The Zambian currency, the Kwacha has continued to slide and lose value against major international convertible currencies amid continued negative sentiment.
By close of business on Thursday 20 September, the local unit was trading at a 27-month low of ZMW11.5 per USD.
The Kwacha has been on a weakening streak since sentiment turned negative following the breakdown talks of an expected USD1.3million IMF extended credit facility deal leading to debt sustainability concerns.
However, what is most disturbing is the loud silence coming from the country’s central bank, a semi-autonomous institution charged with the responsibility for Zambian financial markets stability.
Efforts by the Zambian Business Times – ZBT to get a comment on action the central bank – BOZ is taking to arrest what some analysts are taming as a free fall proved futile as the phones went unanswered.
When ZBT finally managed to get the BOZ head of Communications on phone, he requested for an emailed press query, preferring not to speak on record.
There is urgent need for a crisis meeting with relevant actions agreed on what actions the nation should take to stem the rout.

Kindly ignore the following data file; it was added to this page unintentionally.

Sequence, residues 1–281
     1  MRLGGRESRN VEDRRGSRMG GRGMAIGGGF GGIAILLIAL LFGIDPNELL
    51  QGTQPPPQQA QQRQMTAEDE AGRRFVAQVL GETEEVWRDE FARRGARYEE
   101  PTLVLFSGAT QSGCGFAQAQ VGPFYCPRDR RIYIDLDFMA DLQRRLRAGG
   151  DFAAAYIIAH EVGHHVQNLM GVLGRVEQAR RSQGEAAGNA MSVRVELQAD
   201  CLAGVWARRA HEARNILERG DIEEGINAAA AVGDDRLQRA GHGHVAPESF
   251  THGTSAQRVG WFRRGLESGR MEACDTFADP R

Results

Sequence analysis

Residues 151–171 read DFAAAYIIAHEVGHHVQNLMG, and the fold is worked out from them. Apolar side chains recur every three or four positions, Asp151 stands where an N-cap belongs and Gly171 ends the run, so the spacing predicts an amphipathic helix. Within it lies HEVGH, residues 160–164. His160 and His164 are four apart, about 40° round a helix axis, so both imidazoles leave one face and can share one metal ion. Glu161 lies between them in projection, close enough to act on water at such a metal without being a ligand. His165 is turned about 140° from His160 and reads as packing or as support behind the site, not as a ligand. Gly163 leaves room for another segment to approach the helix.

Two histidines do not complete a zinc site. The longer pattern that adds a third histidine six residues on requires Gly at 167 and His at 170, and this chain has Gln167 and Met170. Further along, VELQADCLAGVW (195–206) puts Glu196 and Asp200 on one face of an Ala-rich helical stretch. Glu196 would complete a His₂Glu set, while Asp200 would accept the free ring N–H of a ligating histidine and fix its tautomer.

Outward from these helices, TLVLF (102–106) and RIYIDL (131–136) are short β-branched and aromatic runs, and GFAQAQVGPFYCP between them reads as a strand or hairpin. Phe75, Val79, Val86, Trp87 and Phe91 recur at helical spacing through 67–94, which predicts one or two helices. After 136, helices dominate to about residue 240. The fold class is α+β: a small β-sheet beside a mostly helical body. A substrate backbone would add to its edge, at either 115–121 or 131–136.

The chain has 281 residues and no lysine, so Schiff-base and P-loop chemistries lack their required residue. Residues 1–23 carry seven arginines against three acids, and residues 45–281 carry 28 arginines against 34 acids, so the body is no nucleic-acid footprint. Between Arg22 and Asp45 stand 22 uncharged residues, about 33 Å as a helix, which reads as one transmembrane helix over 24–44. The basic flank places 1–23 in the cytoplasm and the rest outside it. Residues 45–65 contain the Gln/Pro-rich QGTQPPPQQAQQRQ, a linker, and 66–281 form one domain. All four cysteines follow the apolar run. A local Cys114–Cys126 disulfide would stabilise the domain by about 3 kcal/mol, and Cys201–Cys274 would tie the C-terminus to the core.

Some of the questions that need urgent answers from the central bank include:
(i) What immediate and short term measures BOZ will take to influence the direction and prevent further free fall of the Kwacha
(ii) Will the central bank adopt a do nothing strategy and rely on market forces?
(ii) Why is there delayed action from BOZ? who else should step in to stem the currency rout?
(iv) From the similar experience last time, the more time is lost in inaction, the more difficult it will be to correct the situation.
(v) Zambia is a net importer and its consumer goods are directly related to the USD/ZMW pair, are we on the horizon of another spiraled inflationary period?
There are so many questions to ask and there is need for the central bank who are the best placed to counter a currency rout to utilize its tool kit to influence the financial market positively.
Delayed action and adopting a “do nothing strategy” by BOZ will prove to be too costly for mostly the local and ordinary Zambians who relay solely on Kwacha earnings and savings. The need for urgent action from BOZ can not be over-emphasized. This rout on the Zambian Kwacha unfortunately can not be wished away, its needs experienced hands to take charge as the majority of Zambia’s wealth is at stake, risked being wiped out.